Brothers (1984)

Season 4 Episode 5

Leave It to Cleavage

0
Aired Wednesday 8:00 PM Jun 12, 1987 on Showtime
9.0
out of 10
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3 votes
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Episode Summary

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Leave It to Cleavage
AIRED:
Penny feels she cannot get noticed by men because she is flat chested.

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SUBMIT REVIEW
  • This episode has marvelous physical comedy that calls to mind classic "I Love Lucy" skits.

    10
    One of the great things about "Brothers" being on cable is that it was able to use jokes and storylines that were beyond the reach of network television. Nowhere is that more evident than in this fabulously funny episode about breast size -- or the lack thereof.



    In this episode, Penny is upset because of a guy she likes in her geology class. The problem is, as she puts it, he only notices a girl with big breasts (while proceeding to rattle off a list of nicknames for breasts). A few days later, after consulting with Sam (who admits her chest is courtesy of "minor surgery"), Penny walks into the Point After with a suddenly larger chest.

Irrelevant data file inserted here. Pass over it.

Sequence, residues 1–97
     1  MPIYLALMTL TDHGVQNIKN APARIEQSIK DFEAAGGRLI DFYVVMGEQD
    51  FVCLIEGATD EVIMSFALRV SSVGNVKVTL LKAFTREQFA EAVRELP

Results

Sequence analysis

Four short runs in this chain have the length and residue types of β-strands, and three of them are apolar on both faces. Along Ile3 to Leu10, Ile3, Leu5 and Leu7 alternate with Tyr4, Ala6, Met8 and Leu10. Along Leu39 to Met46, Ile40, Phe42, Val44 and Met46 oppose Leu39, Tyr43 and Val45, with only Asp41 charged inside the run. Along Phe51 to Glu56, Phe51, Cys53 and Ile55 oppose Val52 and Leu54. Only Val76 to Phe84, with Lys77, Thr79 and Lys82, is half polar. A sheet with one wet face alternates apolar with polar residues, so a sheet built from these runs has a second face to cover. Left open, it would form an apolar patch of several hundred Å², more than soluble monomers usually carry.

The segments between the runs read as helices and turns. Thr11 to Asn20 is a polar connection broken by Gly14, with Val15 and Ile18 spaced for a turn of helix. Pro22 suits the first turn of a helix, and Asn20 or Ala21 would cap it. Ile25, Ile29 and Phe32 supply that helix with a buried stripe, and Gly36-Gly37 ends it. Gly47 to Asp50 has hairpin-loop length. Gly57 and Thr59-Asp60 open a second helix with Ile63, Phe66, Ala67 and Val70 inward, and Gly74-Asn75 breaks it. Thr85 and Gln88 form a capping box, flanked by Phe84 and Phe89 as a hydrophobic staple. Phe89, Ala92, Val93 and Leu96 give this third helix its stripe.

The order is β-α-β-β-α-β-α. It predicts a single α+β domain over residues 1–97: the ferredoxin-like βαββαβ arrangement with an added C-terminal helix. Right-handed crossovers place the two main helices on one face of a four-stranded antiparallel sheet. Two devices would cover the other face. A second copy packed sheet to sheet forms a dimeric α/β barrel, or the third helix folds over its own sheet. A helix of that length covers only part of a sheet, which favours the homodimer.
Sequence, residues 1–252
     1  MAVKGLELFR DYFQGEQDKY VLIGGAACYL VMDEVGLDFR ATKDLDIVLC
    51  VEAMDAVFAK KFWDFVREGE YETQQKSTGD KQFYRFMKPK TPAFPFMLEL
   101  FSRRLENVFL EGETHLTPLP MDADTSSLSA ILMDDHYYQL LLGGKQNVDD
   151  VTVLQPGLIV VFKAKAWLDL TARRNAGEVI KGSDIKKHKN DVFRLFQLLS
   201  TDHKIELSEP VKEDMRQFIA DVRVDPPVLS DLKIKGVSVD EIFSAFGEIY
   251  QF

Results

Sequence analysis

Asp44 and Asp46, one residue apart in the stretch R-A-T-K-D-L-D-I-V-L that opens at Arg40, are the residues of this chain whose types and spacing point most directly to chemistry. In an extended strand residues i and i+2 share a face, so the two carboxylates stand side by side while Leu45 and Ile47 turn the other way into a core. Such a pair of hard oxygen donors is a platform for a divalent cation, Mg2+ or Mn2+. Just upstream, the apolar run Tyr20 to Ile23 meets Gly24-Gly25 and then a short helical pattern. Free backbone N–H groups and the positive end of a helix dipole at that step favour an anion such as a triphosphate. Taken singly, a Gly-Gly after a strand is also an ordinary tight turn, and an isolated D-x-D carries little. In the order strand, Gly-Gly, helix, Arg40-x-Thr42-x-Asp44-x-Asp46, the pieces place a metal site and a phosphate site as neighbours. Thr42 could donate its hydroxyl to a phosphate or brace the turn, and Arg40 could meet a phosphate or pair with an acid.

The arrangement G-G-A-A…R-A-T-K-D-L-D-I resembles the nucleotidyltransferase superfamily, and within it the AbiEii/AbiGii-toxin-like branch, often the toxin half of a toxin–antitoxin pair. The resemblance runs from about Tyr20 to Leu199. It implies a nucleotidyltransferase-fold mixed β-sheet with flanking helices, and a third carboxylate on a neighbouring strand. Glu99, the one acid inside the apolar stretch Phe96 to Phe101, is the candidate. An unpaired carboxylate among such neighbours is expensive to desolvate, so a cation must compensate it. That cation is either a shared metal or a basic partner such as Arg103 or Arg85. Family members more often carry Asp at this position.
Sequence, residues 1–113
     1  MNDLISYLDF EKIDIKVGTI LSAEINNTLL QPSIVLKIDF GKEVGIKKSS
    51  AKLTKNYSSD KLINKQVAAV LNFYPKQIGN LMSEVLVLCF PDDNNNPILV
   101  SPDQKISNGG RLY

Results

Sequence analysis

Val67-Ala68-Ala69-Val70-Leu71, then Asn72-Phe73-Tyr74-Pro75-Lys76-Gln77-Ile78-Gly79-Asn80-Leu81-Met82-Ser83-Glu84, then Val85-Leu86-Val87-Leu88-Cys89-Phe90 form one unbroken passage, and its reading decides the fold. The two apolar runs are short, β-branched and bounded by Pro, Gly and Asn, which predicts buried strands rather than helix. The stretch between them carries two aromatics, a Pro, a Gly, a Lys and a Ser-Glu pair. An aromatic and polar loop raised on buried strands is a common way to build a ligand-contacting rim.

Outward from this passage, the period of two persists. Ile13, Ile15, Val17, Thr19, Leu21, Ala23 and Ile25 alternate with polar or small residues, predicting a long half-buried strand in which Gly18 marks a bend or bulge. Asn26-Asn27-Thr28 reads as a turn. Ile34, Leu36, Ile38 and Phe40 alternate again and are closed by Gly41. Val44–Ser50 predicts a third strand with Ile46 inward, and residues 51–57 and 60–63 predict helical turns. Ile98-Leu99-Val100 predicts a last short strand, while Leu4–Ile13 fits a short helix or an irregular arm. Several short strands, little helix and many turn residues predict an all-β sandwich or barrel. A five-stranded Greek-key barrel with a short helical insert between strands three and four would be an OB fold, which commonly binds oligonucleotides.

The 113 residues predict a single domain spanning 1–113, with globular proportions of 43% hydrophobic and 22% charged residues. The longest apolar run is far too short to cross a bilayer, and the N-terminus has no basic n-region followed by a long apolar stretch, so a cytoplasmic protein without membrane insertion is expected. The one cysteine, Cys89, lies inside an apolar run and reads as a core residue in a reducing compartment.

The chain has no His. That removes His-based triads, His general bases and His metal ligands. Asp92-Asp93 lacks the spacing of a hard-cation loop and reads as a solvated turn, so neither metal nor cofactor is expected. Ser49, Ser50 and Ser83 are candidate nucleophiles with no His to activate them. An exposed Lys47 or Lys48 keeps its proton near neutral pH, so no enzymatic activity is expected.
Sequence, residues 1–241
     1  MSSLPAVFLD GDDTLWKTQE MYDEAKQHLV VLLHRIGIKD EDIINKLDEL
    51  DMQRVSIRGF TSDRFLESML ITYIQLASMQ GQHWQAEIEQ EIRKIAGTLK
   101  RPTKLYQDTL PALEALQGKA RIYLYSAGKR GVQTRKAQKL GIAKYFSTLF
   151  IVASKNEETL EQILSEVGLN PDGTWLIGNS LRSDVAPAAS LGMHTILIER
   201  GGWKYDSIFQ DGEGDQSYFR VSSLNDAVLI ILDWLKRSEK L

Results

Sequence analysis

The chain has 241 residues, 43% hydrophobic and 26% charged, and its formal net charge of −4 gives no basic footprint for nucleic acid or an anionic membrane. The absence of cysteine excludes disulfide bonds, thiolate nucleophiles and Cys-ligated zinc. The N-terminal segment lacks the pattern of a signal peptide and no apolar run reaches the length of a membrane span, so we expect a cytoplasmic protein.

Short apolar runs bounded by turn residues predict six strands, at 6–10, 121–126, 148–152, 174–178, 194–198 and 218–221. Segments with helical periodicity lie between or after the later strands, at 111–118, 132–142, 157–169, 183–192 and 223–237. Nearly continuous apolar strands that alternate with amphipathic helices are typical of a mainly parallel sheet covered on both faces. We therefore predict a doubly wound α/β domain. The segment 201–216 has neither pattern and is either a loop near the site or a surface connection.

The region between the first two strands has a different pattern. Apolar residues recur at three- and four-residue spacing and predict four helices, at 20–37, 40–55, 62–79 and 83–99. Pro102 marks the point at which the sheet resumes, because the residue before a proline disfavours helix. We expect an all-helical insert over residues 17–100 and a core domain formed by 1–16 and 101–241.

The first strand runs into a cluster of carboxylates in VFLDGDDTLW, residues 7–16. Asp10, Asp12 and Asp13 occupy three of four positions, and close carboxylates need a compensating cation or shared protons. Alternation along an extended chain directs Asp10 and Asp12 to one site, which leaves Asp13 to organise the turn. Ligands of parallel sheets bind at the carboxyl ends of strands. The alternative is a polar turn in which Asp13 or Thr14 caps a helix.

Her plan works, and the guy she's interested in asks her out to dinner. When he comes by the Point After to pick her up, however, Penny's chest (to borrow a Patsy Cline song title) falls to pieces. It's obvious that her "implants" are just temporary. They move out of position, leaving Penny embarrassed -- and the audience howling.



    Hallie Todd pulls off the physical comedy necessary in this episode to perfection (even if it is quite obvious that she is pulling the string to make her right temporary enlargement device droop). It's a nod to "I Love Lucy," with Penny even asking her date who confesses to "love madcap women" if he's a big fan of Lucille Ball.



    This episode is also significant for being the directorial debut of Philip Charles MacKenzie (Donald). After his failed post-"Brothers" acting role in "Open House" (a short-lived sitcom on Fox), MacKenzie turned his attention full-time to directing (he directed a number of episodes of "Frazier"). It is a fine debut, and one he should still be proud of after nearly 20 years. This episode is riotous without being offensive -- an amazing feat considering the subject matter.moreless

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